The development of the Old City Harbour aims to create a multifunctional city district next to the passenger port. We will bring the city life to the harbour.

Old City Harbour of the Future: Estonia’s biggest and most attractive tourism gate and an integral part of the modern cityscape.

The Masterplan 2030 of the Old City Harbor area was completed in 2017. This document is a long-term development plan. The aim is to develop Old City Harbour into a diverse, innovative and a welcoming place that provides an authentic urban experience and safe and high quality public space. Old City Harbour is the heart of the city and a place where locals love to go. For those coming by sea, it is the gateway to Estonia. For those coming by land, it is the gateway to the world. Like it has been for centuries. It is a place designed for the free movement of people and thoughts. Something real that is meant to last for generations.

For implementing the Masterplan 2030, it is necessary to draw up and establish detailed land use plans for the areas, in order to give legal force to the development plan. Until their completion, Port of Tallinn will implement temporary solutions to the public spaces surrounding the A and D terminals creating human-friendly environment for the activities.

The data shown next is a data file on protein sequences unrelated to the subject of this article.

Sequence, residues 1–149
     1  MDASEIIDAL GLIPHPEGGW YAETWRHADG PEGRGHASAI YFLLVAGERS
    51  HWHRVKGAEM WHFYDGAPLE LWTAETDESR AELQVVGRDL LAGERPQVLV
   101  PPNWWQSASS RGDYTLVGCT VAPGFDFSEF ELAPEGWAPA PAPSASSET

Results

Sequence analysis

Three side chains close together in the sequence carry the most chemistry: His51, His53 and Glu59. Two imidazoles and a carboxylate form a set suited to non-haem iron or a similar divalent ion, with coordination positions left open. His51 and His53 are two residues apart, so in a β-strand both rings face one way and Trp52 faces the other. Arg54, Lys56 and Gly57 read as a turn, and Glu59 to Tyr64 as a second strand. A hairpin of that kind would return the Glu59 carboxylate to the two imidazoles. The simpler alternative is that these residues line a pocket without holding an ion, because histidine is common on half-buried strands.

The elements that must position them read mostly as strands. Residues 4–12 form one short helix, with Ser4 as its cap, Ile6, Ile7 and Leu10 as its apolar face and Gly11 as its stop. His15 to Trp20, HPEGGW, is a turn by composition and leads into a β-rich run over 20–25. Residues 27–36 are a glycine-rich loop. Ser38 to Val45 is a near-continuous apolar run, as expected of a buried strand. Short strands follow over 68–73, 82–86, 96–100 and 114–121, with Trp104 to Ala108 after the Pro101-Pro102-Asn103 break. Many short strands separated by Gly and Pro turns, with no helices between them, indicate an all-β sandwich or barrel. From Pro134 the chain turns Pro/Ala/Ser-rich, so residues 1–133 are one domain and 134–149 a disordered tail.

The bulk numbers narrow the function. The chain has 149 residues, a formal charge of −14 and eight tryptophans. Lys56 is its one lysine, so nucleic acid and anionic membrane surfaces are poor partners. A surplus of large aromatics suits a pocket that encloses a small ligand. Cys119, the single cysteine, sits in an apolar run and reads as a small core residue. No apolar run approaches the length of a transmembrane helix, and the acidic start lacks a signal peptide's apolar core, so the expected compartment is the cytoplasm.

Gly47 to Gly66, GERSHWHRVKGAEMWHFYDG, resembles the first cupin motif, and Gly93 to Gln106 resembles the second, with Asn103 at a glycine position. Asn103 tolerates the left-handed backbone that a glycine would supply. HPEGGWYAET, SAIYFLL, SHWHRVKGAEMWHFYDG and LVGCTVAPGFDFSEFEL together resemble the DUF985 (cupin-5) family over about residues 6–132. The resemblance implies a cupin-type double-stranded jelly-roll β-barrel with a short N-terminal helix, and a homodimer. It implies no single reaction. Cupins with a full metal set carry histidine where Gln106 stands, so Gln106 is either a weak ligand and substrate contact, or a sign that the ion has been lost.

Old City Harbour Masterplan 2030+

Real estate development has started with the implementation of the Old City Harbour development plan Masterplan 2030+. The author of Masterplan 2030+ is the world-famous architecture firm Zaha Hadid Architects.

Masterplan 2030+ offers a unique opportunity for profitable real estate development in the long term.

Future vision

In 2019, the city of Tallinn initiated detailed plans covering the entire Old City Harbour area. The initiation is followed by the processing of detailed plans. Until detailed plans are established, the Port of Tallinn will try to make the public space around the A and D terminals more human-friendly with temporary solutions and activities.


The new city square in front of the Terminal D was opened

On November 19, 2022, the square in front of the Terminal D, connecting the cruise terminal and North Tallinn via the Admiral Bridge and Kadriorg via Reidi Road, was opened to create additional recreational space while also offering a convenient connection to the city center for ship passengers.

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A new cruise terminal and promenade were opened

On July 15, 2021, a modern multi-functional cruise terminal and an 850-meter-long roof promenade were opened, which connect the seafront with the Culture Kilometer, opening up the previously inaccessible harbour area for people to spend their free time.